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Fossils. By: Colby Lacks. How fossils are useful. Without such fossils, scientists would know very little about the history of life on earth. The answers we get from rocks often cause us to ask more questions! . What all fossils are in. Fossils are in all types of rocks.

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By: Colby Lacks

how fossils are useful
How fossils are useful
  • Without such fossils, scientists would know very little about the history of life on earth.
  • The answers we get from rocks often cause us to ask more questions!
what all fossils are in
What all fossils are in
  • Fossils are in all types of rocks.
  • When organisms die, the soft, fleshy parts of their bodies decompose, leaving only the hard parts.
  • There are such things as Fossils in Amber, Frozen fossils, and Fossils in Tar.
what fossils are
What Fossils are
  • Fossils are the remains or traces of plants and animals that have been preserved in sedimentary rock.
  • Fossils have given us enormous amounts of information about ancient life-forms and how they in the oceans.
where fossils come from
Where fossils come from
  • Most fossils come from animals that lived in the oceans.
  • The fossils some rocks contain also provide clues about life-forms that lived billions of years ago, long before dinosaurs walked the earth.
  • Fossils (from Latinfossus, literally "having been dug up") are the preserved remains or traces of animals, plants, and other organisms from the remote past. The totality of fossils, both discovered and undiscovered, and their placement in fossiliferous (fossil-containing) rock formations and sedimentary layers (strata) is known as the fossil record. The study of fossils across geological time, how they were formed, and the evolutionary relationships between taxa (phylogeny) are some of the most important functions of the science of paleontology. Such a preserved specimen is called a "fossil" if it is older than some minimum age, most often the arbitrary date of 10,000 years ago.[1] Hence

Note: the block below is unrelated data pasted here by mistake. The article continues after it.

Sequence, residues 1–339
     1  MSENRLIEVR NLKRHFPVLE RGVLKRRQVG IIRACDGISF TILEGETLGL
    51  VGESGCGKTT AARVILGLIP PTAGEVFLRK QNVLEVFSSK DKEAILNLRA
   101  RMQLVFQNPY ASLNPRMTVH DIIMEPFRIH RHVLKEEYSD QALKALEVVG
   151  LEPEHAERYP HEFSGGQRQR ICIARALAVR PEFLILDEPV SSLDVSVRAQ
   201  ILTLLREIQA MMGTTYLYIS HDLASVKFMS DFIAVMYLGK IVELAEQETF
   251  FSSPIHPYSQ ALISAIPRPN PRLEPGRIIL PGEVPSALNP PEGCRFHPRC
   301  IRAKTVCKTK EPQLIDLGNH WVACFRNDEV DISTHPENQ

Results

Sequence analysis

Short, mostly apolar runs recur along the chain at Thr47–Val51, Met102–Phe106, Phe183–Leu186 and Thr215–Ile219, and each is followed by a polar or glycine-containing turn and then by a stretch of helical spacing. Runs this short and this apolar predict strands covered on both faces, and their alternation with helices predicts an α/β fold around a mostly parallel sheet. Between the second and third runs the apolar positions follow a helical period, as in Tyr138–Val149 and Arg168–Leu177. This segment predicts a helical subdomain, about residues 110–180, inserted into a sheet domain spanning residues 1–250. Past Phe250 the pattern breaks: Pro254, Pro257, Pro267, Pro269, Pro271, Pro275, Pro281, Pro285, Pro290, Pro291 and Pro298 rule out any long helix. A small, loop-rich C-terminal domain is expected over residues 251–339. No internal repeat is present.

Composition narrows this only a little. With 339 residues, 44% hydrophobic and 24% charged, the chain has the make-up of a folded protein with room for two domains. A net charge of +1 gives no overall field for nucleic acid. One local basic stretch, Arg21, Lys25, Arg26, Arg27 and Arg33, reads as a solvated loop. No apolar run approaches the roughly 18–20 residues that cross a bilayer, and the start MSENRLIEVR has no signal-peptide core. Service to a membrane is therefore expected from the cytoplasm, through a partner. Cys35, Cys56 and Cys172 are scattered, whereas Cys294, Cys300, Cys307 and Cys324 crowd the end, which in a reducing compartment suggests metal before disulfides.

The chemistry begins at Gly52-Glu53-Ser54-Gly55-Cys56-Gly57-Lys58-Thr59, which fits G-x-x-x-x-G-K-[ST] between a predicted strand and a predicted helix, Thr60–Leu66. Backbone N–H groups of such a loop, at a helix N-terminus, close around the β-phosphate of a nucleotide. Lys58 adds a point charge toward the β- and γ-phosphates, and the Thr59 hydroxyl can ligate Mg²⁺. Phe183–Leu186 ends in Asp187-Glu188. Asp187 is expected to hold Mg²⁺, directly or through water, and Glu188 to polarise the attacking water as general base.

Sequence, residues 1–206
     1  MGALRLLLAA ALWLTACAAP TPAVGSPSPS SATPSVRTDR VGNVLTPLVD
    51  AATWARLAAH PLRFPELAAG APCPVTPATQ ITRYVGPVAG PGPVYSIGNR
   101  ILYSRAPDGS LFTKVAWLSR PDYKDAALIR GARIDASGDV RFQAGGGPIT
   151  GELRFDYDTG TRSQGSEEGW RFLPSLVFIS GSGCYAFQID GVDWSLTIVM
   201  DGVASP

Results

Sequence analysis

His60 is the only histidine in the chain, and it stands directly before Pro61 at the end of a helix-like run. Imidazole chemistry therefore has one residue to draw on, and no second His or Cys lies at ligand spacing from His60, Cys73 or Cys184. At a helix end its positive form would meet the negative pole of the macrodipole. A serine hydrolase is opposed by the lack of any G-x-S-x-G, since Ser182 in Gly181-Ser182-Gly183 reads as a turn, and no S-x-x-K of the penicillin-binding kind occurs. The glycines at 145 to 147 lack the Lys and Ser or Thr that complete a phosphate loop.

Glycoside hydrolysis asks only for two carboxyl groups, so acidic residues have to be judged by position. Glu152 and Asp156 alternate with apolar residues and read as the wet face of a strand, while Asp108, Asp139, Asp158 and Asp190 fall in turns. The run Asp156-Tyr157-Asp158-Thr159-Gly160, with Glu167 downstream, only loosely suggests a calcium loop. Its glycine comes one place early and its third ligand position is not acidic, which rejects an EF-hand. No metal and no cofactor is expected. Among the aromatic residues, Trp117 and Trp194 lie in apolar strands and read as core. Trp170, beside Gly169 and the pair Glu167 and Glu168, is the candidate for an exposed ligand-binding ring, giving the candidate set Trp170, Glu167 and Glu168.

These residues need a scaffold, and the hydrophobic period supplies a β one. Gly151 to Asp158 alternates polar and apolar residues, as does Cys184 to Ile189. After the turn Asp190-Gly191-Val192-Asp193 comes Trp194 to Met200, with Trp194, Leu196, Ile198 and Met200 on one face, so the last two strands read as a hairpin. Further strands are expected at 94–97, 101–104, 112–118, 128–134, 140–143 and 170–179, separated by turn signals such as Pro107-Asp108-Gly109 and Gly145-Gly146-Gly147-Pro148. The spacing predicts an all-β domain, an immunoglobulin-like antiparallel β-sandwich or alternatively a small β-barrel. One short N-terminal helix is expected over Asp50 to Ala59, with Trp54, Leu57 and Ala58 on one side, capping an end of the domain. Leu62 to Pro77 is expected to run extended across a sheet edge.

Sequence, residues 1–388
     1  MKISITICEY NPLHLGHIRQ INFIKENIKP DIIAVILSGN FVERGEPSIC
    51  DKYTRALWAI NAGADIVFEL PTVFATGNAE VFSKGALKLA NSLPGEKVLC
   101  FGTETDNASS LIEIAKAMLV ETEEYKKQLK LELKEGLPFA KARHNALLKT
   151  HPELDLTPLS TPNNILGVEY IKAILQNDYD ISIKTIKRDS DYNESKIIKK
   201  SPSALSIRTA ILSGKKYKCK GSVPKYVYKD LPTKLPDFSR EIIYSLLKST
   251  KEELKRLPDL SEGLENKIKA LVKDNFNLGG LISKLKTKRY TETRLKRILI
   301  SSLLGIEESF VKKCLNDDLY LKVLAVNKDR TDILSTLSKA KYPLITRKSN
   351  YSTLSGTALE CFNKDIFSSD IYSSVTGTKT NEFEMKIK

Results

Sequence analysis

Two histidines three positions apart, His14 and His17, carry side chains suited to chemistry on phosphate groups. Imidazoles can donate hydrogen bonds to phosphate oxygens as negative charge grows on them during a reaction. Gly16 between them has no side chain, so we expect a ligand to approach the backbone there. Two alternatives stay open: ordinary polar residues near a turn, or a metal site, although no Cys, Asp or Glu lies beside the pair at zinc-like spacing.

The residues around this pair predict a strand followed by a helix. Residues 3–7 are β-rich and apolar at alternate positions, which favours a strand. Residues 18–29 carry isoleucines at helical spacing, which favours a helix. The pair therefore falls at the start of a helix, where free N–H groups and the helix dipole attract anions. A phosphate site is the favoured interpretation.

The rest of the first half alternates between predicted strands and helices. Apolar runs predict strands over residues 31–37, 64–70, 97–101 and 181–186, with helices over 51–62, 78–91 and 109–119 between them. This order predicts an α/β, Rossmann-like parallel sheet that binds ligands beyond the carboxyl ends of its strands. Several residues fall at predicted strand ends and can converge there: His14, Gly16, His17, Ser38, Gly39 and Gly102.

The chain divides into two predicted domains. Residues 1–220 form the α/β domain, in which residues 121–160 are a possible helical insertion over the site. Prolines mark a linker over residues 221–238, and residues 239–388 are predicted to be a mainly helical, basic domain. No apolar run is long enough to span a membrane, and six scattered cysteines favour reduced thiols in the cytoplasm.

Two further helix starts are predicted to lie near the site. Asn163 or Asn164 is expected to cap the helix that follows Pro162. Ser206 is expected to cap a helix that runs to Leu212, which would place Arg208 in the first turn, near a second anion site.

• Scientists have found dinosaur fossils on every continent. Most of these sites are in the United States and Europe.
  • Scientists dig very carefully using chisels to free the fossils from the rock they are trapped in. They take lots of notes to describe the fossils and where they are found. Then they take the bones to a laboratory and analyze them. They try to put the bones back together like a puzzle. Sometimes this part is easy, other times it\'s very difficult.
  • Once they know how the bones fit together, a scientific artist sketches the bones and adds muscles and skin.
how fossils differ
How fossils differ
  • Most fossils are heavy and look like rocks. They’re also a light brown or dark white color.
  • Their shapes are different, however. Fossils are shaped like whatever the original objects were. Some are shaped like leaves, some are shaped like paw prints, some are shaped like bones. Fossils’ sizes are also different for the same reason. Some fossils belonged to large dinosaurs. Others belonged to tiny insects.
how fossils form
How fossils form
  • When an animal or plant dies, usually the remains are eaten or decompose.  On occasion though, they get buried by mud or sediment, and in the right conditions, they harden into fossils. 
  • The bones or original material decay, and water or other things seep into the impression left by the original material. This water and minerals continue to dissolve the original material, replacing it, and then they harden over time.
  • Once the fossil is formed, it’s usually heavy and feels more like a rock. It’s also colored like a rock because that’s what it really is! It just has a shape of something that was alive a long time ago, and that’s what makes it a fossil.
animal fossils
Animal fossils
  • Animal fossils are often bones that have been turned to rock.  Sometimes part of the flesh is preserved, but most of the time only skeletons remain.  Because of this, it is more difficult to find fossils of invertebrates. (Invertebrates are animals that don’t have bones.)
  • We have discovered several types of animal fossils, including bones, skin, teeth, claws, eggs, nests, muscles, and organs.
  • We have also found lots of fossils of footprints, which tell us how much animals and dinosaurs weighed and how they might have walked.
insect fossils
Insect fossils
  • Insect fossils form in the same way as normal fossils, but the exoskeleton is usually the only thing that is left.  One special type of insect fossil is when it is preserved in amber.  Amber is tree sap that oozed over and covered the insect, then hardened.